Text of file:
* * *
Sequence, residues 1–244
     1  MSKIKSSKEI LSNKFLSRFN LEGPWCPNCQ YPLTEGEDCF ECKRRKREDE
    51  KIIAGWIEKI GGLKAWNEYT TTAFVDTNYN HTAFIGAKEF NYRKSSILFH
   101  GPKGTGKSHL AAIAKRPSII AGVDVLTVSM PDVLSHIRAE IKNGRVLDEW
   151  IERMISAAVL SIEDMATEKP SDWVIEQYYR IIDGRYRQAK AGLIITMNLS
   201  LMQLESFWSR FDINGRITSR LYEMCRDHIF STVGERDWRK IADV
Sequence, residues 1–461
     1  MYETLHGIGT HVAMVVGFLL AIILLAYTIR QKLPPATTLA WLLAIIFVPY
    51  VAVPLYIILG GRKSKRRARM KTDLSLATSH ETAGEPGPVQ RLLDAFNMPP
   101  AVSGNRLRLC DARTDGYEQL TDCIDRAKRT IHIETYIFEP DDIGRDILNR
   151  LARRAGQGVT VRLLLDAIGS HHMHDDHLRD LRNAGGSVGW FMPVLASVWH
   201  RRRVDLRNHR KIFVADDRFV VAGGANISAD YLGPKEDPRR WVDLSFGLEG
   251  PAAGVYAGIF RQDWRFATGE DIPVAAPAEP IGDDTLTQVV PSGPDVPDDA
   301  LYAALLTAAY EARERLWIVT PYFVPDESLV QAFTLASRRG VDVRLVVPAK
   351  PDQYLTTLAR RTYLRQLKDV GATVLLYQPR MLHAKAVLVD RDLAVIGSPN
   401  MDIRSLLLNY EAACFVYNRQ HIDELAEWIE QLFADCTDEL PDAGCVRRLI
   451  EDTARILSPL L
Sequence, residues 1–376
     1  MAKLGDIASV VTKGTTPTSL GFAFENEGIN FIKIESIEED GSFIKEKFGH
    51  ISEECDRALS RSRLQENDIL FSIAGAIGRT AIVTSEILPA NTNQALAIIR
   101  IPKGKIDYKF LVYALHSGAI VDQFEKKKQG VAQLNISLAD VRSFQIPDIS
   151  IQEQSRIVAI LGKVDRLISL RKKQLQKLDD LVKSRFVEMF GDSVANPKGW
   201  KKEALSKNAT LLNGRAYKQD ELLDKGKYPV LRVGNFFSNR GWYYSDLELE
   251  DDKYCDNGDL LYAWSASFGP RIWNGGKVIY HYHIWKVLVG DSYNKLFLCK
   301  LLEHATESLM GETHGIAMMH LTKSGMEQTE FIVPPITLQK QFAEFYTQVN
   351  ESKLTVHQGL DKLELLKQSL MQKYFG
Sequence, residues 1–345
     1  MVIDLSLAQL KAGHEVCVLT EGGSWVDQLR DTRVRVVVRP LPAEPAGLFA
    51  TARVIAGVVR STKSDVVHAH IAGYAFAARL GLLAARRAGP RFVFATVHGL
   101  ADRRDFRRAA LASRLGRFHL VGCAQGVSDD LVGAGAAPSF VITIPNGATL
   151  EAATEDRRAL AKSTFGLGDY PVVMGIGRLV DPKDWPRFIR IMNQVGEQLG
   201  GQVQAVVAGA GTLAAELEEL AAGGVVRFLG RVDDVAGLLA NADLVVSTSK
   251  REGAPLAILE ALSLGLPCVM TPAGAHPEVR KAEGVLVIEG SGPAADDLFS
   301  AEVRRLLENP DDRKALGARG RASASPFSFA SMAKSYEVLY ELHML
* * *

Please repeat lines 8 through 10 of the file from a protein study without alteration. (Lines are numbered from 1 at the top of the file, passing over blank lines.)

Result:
     1  MYETLHGIGT HVAMVVGFLL AIILLAYTIR QKLPPATTLA WLLAIIFVPY
    51  VAVPLYIILG GRKSKRRARM KTDLSLATSH ETAGEPGPVQ RLLDAFNMPP
   101  AVSGNRLRLC DARTDGYEQL TDCIDRAKRT IHIETYIFEP DDIGRDILNR